ets. The congestion problem is solved using DE and GWO
algorithms. As, it is difficult to classify the complex data,
SVM parameters are tuned using GWO and DE to reduce
the classification error. The simulation results show that the
proposed approaches efficiently deal with the complex data
and outperforms the GA-SVM, K-NN, Naive Bayes, and
Random Forest in terms of classification error. We aim to
apply other optimization algorithms for parameter tuning in
the future in order to get more accurate classification. We will
also introduce and classify different type of faults to decrease
sensor failures and handle network traffic appropriately and
we aim to consider more dynamic and practical test scenarios
in WSNs.
REFERENCES
[1] Shah, S.A., Nazir, B. and Khan, I.A., 2017. Congestion control algorithms
in wireless sensor networks: Trends and opportunities. Journal of King
Saud University-Computer and Information Sciences, 29(3), pp.236-245.
[2] Gholipour, M., Haghighat, A.T. and Meybodi, M.R., 2017. HopbyHop
Congestion Avoidance in wireless sensor networks based on genetic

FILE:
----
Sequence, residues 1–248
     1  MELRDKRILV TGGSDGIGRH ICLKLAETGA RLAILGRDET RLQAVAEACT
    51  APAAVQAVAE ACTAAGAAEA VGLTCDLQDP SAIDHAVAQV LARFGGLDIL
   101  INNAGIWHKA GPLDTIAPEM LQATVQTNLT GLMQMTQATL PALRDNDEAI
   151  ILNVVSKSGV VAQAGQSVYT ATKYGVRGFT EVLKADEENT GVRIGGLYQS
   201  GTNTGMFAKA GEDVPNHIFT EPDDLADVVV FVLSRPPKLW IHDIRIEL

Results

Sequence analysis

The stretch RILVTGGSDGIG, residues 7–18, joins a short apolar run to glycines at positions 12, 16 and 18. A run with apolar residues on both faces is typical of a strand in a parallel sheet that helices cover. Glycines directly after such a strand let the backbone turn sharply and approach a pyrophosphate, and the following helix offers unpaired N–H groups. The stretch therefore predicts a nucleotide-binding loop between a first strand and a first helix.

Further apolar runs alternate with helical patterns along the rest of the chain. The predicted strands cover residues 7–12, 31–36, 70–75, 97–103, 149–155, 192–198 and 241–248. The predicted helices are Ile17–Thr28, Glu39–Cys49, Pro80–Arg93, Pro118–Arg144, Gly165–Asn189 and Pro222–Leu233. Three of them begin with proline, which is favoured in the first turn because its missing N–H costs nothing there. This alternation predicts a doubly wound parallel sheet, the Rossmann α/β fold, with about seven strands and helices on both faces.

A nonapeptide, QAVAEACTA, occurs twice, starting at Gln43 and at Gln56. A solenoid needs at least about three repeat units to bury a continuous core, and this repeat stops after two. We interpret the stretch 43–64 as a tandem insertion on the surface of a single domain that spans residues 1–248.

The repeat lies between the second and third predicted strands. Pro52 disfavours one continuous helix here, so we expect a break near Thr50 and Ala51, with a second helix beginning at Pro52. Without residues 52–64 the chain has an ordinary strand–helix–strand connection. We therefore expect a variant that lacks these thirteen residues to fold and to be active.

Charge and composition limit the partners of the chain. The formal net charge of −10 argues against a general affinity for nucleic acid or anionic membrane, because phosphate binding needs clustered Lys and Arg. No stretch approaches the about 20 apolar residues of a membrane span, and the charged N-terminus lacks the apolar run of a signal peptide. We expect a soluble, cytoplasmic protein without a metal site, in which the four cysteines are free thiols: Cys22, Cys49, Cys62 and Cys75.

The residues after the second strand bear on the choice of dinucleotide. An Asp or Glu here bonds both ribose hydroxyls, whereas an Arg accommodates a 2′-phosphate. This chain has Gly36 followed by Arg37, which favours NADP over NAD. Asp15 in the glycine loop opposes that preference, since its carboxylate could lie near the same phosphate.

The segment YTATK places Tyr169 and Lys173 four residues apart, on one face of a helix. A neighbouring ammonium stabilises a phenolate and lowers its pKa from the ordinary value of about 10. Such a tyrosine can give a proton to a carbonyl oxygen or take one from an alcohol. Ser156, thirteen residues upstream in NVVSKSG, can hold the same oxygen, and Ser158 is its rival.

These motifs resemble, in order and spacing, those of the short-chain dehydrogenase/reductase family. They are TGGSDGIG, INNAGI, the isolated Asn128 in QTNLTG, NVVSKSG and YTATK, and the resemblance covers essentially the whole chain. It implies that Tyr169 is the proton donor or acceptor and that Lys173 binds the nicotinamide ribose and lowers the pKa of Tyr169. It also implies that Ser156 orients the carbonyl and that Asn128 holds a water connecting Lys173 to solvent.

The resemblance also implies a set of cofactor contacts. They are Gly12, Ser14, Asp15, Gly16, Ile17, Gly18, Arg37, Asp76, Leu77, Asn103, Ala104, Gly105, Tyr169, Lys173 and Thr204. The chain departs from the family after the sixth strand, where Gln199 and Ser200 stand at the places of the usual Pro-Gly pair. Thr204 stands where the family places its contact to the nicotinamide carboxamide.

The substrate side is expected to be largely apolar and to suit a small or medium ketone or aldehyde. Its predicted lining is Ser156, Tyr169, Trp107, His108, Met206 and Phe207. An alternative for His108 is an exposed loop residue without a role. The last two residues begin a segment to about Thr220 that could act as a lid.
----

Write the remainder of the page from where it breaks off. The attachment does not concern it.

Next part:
support vector machine. Neurocomputing, 223, pp.63-76.
[3] Al-Aboody, N.A. and Al-Raweshidy, H.S., 2016, September. Grey wolf
optimization-based energy-efficient routing protocol for heterogeneous
wireless sensor networks. In Computational and Business Intelligence
(ISCBI), 2016 4th International Symposium on (pp. 101-107). IEEE.
[4] Rajakumar, R., Amudhavel, J., Dhavachelvan, P. and Vengattaraman,
T., 2017. GWO-LPWSN: Grey wolf optimization algorithm for node
localization problem in wireless sensor networks. Journal of Computer
Networks and Communications, 2017.
[5] Tran, K.P. and Huong, T.T., 2017, October. Data driven hyperparameter
optimization of one-class support vector machines for anomaly detection
in wireless sensor networks. In Advanced Technologies for Communica-
tions (ATC), 2017 International Conference on (pp. 6-10). IEEE.
[6] Deng, F., Guo, S., Zhou, R. and Chen, J., 2017. Sensor multifault
diagnosis with improved support vector machines. IEEE Transactions on
Automation Science and Engineering, 14(2), pp.1053-1063.
[7] Kaur, R. and Arora, S., 2017. Nature inspired range based wireless
sensor node localization algorithms. International Journal of Interactive